Like driving a car with a stick shift and a clutch pedal? They're disappearing features in North America, where less than three percent of new car models sold in the United States now have a manual transmission.
But outside of North America, it's a whole different story.
Stick Shifts Are an Endangered Species in the U.S.
The trend line is clear. In 2006, 47 percent of new car models offered in the U.S. were available with both automatic and manual transmissions, according to a study by Edmunds.com. By 2011, that number had dropped to 37 percent. In 2016, the number had fallen to 27 percent.
This trend is true not just of sedans but also souped-up sports cars. By 2016, even Ferrari, Lamborghini and Alfa Romeo did not offer a single model with manual transmission. Audi and Jaguar offered just one model each.
Why is it so hard to purchase or rent a car with a manual transmission in the U.S. and Canada? There are many reasons:
- Only one in five of all U.S. licensed drivers know how to drive a car with a stick shift.
- Rental car companies know many manual-transmission cars would be used to train new drivers. Car-sharing services like Turo explicitly forbid using manual transmission vehicles for driver training.
- Automatic transmissions have improved over time.
- It's cheaper for manufacturers to focus on one transmission type—especially if consumers show a clear preference toward it.
For driving enthusiasts, this is a sad phenomenon. Once preferred for its dependability, fuel efficiency and sporty characteristics, the four-on-the-floor is disappearing from major car manufacturers' lineups in North America.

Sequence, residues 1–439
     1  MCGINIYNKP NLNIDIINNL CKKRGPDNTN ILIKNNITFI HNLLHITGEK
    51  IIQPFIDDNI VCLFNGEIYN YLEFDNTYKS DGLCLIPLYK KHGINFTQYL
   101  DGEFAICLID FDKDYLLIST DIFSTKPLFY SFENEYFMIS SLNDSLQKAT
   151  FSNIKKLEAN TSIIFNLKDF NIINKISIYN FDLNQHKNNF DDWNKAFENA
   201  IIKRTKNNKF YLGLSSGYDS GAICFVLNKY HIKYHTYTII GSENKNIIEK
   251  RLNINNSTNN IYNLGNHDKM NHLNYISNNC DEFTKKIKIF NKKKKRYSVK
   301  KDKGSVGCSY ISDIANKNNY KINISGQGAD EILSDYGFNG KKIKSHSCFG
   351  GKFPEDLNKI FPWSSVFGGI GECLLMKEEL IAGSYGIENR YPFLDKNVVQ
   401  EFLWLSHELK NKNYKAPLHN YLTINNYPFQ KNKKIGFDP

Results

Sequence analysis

If you really want to rent a car with a stick shift, fly to Kansas City, because that's the only place in the US where you can still reserve a manual transmission.
Outside North America, Manual Transmission is Still King
Outside the U.S. and Canada, you have to specify if you want a rental car with an automatic transmission—and, depending on the country and size of the city—it can sometimes be hard to find one.
When automatic transmissions are available, it is often far more expensive to rent one in the same car class as a vehicle with a manual transmission. In some smaller cities and off-the-beaten-path regions, it's simply impossible to find a rental car with a stick shift. Considering a visit to Ponta Delgada, Portugal? There are never automatic transmissions available.
If you require a rental car with an automatic transmission in Europe, it's important to book as early as possible because automatic vehicles often sell out as you get closer to your travel dates, especially during the peak summer season.
Ask AutoSlash for a quote and we'll scour the Internet for the best possible rate. Then, ask us to track your reservation and if we see a price drop, we'll alert you so that you can cancel and rebook at the lower rate.
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